Basically, the popcorn ceiling is going to be significantly cheaper.

Is a Popcorn Ceiling Better for Noise?

One of the reasons that popcorn ceilings became so popular in the first place is that they are excellent at dampening noise. When compared to a smooth ceiling that’s been painted, having a popcorn ceiling is like living inside of a noiseless chamber.

One of the reasons popcorn ceilings dampen noise so well is that they have an increased surface area. Popcorn ceilings work as natural noise insulators and can be hugely beneficial in a room where noise has become an issue.

For example, if you’re tired of listening to someone stomp around on the floor above you, a popcorn ceiling can dramatically improve your quality of life by suffocating the sound!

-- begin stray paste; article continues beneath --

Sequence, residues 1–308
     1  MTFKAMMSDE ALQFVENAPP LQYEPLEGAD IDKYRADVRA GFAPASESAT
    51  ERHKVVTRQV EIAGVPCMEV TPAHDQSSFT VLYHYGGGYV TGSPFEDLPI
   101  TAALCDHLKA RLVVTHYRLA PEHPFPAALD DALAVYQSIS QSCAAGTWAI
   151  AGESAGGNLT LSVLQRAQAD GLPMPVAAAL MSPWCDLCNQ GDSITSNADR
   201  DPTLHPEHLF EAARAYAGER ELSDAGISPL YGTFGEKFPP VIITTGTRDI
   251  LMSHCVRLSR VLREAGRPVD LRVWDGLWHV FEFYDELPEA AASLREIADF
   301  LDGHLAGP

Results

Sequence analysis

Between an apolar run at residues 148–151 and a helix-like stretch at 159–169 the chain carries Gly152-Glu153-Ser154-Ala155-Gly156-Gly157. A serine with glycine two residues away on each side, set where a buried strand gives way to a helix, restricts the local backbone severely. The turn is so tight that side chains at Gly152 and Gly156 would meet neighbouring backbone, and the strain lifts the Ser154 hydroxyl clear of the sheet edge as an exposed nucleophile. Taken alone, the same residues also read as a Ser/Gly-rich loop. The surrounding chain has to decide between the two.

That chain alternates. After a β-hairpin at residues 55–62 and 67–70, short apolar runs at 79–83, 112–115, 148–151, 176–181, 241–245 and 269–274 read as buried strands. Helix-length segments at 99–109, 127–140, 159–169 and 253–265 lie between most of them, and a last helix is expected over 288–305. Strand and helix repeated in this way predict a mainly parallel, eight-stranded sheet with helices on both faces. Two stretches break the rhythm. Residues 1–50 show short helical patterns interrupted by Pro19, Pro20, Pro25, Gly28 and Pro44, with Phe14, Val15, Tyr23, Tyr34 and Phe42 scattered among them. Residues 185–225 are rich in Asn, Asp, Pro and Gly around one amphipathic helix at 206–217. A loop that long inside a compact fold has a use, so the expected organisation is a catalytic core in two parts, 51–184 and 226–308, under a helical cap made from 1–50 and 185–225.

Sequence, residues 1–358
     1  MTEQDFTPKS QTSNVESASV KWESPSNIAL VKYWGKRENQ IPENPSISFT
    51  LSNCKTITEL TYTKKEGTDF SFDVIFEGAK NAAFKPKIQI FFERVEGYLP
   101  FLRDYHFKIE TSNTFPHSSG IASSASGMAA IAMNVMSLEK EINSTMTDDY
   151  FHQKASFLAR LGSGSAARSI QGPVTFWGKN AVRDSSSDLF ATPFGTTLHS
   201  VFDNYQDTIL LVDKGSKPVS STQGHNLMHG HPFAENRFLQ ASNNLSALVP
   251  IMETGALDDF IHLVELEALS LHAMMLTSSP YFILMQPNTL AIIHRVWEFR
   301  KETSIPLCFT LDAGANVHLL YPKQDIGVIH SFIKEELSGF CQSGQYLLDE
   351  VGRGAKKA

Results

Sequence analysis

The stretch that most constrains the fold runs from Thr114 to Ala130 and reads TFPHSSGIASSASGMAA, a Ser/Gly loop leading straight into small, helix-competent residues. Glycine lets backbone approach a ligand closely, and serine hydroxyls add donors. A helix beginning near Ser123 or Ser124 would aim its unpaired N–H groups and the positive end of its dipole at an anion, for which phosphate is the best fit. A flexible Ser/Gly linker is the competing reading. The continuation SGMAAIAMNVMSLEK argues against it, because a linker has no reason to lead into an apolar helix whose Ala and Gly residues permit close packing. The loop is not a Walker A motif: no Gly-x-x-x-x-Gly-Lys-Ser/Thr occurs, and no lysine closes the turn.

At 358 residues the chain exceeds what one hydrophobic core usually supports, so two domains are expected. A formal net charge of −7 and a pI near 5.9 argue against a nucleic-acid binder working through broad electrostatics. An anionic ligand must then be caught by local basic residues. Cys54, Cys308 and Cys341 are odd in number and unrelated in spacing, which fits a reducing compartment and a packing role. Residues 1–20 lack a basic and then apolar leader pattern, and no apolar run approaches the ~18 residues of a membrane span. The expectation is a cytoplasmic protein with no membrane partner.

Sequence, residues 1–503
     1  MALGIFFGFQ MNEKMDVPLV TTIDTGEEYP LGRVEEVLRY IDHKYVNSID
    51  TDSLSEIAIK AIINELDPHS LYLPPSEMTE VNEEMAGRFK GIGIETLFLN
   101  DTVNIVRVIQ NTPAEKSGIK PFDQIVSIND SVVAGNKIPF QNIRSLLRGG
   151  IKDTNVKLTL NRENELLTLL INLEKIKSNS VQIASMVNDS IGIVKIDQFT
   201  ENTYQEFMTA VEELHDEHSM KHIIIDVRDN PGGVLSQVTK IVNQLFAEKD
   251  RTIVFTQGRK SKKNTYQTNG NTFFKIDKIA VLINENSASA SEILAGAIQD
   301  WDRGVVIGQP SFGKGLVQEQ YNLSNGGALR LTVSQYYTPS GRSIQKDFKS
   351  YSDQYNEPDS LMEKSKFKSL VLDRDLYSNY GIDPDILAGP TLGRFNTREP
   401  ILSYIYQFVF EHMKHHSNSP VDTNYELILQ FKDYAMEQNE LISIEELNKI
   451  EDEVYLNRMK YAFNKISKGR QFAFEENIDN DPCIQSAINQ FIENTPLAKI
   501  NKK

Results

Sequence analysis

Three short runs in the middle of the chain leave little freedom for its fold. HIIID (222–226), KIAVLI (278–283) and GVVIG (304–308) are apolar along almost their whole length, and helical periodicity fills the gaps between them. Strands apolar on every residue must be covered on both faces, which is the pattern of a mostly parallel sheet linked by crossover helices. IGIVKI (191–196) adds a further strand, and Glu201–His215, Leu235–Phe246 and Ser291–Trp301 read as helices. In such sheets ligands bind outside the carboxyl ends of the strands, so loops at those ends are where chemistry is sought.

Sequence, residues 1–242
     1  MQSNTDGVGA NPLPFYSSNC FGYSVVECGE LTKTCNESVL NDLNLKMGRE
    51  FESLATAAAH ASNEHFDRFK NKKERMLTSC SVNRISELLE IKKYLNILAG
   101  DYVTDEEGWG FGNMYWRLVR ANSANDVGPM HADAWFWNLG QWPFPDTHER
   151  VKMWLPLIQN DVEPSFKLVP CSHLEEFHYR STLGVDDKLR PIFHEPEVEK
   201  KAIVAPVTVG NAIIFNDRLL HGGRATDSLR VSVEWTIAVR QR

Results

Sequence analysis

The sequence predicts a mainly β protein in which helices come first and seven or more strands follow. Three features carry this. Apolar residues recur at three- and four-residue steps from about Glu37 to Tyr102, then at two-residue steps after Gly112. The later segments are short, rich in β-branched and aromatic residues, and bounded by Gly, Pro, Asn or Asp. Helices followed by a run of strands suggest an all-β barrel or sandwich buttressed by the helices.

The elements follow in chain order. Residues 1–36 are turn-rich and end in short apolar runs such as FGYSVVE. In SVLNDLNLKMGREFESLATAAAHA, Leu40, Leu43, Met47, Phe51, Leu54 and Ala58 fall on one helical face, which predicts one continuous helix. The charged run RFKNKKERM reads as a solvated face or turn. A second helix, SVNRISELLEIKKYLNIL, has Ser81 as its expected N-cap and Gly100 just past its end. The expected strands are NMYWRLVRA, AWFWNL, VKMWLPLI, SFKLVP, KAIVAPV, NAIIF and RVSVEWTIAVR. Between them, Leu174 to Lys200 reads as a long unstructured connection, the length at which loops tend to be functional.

Final Thoughts

Popcorn ceiling was a great idea in the beginning of the 20th century. Unfortunately, we weren’t very aware of the dangers of asbestos and so popcorn ceiling became known as toxic and dangerous and fell out of favor. Because of this, it’s generally advised that if an old house has popcorn ceilings, they should be removed.

That said, popcorn ceiling can still be beneficial for cancelling noise, for making a room cozier, and as an inexpensive way to remodel your ceilings. New popcorn ceiling mixtures absolutely do not contain asbestos and are 100% safe.

Resources:

What Is The Point Of Popcorn Ceiling? (homestars.com)

Vermiculite ceiling (popcorn ceiling) | BUILD

Popcorn vs Smooth Ceiling – Pros, Cons, Comparisons and Costs (fixr.com)

Popcorn ceiling – Wikipedia

  • Gregory A Seely
  • Gregory A Seely

    Greg is a self taught home renovator and writer for RenoViso. His shares his experiences with Southern Living, Traditional Home and other publications.